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Repurposing invasive species to build soil

 
Jim Clare
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Introduction
Hello all. This is my first post to this forum which I enjoy and have been reading for around two months. I am from Ann Arbor, MI and just stated gardening.

On my property which is just a little over a normal city lot I have a mini pine forest (around 10 trees) growing along my back fence. This summer I cut down probably 30 - 40 Buckthorn bushes because it seemed like they were killing my pines. They grew up into the lower branches and filled the entire mini forest.

Now, they are growing back from the roots which I didn't remove. It occurred to me that it may be a good idea to cut these little shoots down and throw them in my garden (which is around 50 yards from the mini forest) like a chop and drop type thing to help build up organic material.

Also, I am starting a new garden area and was wondering if I could just throw them there as well and over time it would help build up the soil. The area is currently just grass, a little top soil then clay.

Is this a bad idea? My thought is that while it is decomposing in my veggie garden it would use up nitrogen or something like that and my peppers would not do so well. I am new so this may not be a good assumption.

Essentially I want to take something that was undesirable and use it to do something useful.

Thanks,

Jim

 
maikeru sumi-e
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Good idea. Just watch out for a few species like morning glories that can root from fragments. Those require either thorough drying in the sun or hot composting to kill 'em good and render them safe for mulching. If mulch goes on top of the soil, you don't need to worry about N being tied up. If mixed into the soil, depending on material, possibly a concern.
 
Jim Clare
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Thanks for the advice. I do have morning glories growing along the back fence which I am going to rip out and let dry in the sun.

Jim
 
Paul Cereghino
gardener
Posts: 855
Location: South Puget Sound, Salish Sea, Cascadia, North America
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Agroforestry calls it 'cut and carry' as opposed to 'chop and drop'.

All carbon should be treasured and put to best use.
 
I make brush piles in the location of future tree planting sites to kill to sod and then pee on them.  A disadvantage of use woody mulch in a tillage vegetable situation is that future tillage can mix the woody material into the soil column and potentially reduce the vigor of crops dependent on lots of free nitrogen.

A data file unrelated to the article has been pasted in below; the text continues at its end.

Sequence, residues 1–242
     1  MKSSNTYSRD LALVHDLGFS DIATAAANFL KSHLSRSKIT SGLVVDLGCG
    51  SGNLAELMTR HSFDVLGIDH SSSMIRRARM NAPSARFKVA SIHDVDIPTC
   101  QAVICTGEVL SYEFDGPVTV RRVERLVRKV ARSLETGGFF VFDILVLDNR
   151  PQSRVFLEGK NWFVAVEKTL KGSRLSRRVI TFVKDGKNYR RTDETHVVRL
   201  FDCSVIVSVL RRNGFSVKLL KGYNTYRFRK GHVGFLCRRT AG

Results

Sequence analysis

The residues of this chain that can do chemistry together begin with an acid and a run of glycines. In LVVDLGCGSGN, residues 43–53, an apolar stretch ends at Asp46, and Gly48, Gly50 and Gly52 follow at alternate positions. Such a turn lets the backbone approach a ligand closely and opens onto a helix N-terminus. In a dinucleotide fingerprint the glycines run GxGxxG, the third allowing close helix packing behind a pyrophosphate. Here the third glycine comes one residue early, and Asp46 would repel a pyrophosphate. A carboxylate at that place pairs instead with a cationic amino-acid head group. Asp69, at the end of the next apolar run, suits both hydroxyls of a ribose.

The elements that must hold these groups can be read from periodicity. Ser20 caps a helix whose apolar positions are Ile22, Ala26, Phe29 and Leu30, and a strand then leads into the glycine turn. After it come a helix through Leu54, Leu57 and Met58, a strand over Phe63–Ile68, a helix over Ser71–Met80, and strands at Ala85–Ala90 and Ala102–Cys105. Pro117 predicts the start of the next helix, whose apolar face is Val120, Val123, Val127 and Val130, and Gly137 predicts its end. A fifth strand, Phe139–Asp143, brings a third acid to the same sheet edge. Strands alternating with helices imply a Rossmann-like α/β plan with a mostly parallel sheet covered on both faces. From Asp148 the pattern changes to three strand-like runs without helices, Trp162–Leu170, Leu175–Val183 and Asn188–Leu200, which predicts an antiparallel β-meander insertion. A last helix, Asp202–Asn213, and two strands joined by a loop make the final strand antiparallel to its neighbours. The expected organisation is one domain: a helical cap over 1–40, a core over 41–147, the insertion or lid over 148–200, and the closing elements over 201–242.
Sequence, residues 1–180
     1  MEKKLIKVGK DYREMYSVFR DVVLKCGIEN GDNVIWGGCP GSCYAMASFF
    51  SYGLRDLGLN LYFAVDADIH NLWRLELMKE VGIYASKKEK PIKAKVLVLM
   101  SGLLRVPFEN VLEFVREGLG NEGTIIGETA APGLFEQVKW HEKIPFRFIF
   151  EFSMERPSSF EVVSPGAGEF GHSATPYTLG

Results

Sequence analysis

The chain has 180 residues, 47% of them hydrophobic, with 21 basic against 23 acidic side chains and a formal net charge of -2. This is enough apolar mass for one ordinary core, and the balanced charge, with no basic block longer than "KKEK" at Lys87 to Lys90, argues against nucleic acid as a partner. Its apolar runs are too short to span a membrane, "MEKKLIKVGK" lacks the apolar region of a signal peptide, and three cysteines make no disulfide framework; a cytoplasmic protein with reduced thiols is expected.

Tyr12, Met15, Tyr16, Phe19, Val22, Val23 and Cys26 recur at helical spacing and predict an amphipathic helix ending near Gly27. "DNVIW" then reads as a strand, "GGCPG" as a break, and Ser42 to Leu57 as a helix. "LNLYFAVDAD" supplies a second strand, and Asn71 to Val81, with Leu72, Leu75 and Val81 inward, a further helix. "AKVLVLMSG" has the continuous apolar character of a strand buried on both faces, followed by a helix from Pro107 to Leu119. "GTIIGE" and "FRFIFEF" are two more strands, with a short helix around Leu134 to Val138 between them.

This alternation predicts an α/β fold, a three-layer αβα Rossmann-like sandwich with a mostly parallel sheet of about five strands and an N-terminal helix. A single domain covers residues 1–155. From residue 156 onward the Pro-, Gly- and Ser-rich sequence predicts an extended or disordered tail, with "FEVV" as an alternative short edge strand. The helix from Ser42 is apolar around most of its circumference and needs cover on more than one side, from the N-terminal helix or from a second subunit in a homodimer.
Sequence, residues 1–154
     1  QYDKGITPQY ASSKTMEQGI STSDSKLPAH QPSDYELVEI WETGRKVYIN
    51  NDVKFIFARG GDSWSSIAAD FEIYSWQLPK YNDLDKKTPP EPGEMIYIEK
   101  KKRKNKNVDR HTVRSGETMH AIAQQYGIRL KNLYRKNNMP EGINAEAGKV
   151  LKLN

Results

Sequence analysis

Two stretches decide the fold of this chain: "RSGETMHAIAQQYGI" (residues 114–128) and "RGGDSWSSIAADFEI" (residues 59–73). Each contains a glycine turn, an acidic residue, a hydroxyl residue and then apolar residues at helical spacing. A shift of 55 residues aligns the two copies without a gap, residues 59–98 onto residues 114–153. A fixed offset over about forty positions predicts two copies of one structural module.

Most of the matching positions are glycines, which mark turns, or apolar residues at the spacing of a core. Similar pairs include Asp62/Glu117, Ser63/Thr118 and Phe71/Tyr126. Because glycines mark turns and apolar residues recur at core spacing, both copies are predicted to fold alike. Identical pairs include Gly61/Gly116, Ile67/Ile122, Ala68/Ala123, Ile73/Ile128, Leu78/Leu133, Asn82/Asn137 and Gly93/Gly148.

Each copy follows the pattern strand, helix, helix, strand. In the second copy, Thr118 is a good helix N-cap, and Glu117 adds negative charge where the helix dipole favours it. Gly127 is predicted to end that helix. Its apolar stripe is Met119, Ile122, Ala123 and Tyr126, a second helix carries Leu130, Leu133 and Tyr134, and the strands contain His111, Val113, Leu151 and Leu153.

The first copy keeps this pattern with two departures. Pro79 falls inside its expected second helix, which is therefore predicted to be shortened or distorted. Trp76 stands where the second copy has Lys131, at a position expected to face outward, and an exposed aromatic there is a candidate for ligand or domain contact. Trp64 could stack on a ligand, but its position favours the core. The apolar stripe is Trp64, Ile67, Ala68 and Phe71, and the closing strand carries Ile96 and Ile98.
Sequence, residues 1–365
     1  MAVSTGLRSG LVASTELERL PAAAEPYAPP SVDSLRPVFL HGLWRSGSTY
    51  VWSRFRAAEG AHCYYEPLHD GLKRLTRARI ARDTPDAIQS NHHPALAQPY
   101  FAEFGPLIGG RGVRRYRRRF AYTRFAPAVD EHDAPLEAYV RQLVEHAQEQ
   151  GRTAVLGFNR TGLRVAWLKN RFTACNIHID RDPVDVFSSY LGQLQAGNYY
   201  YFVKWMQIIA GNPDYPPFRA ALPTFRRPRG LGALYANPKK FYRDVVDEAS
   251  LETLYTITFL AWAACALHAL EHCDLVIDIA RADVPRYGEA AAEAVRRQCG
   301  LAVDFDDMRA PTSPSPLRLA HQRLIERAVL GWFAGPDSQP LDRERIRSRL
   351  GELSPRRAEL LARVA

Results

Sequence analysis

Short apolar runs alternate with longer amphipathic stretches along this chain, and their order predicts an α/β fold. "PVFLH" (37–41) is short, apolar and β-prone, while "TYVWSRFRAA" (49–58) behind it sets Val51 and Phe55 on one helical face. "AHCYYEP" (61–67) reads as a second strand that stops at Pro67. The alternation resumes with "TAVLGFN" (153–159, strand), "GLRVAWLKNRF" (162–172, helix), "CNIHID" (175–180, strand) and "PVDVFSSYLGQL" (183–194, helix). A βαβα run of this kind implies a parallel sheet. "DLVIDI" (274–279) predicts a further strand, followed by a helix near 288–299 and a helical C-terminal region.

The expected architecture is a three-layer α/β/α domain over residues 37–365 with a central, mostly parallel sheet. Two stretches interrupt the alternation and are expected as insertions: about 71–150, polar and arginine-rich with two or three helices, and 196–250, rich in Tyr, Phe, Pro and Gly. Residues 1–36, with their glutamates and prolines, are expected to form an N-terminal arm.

Dale Hodgins
gardener
Pie
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Location: Victoria British Columbia-Canada
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If you find that the material is becoming too bulky for your garden space some of it could be turned into charcoal. There are dozens of YouTube videos demonstrating this process. The charcoal can be used as a soil amendment.

    There is a disease of pines in your area which is associated with black currants. They are host to the disease which attacks five needle pines. In some areas it's illegal to cultivate black currants because of this danger.

  And on an absolutely unrelated note Ann Arbor's most famous son is Bob Seeger. His song "Main Street" is really about Ann St. which I'm sure you've driven down many times.
 
Takaya Chi
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Hello Jim,

After reading about your issue and plan, it appeared to me that perhaps there is another alternative that you had not yet considered.

Do you have a compost pile yet?

If not why not start one and add these tips into your compost pile, then once your compost is ready you can apply that to your garden ultimately achieving your end goal of re utilizing the plants your cutting down.

Best of luck saving those trees!

Cheers
Takaya Chi
 
Jordan Lowery
pollinator
Posts: 1528
Location: zone 7
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I have done the same thing with an invasive acacia tree. I would cut it back to a stump and within a month I had a huge amount of biomass. I would repeat this all The time for weed seed free mulch. at the same time the area around the acacia became incredibly fertile.
 
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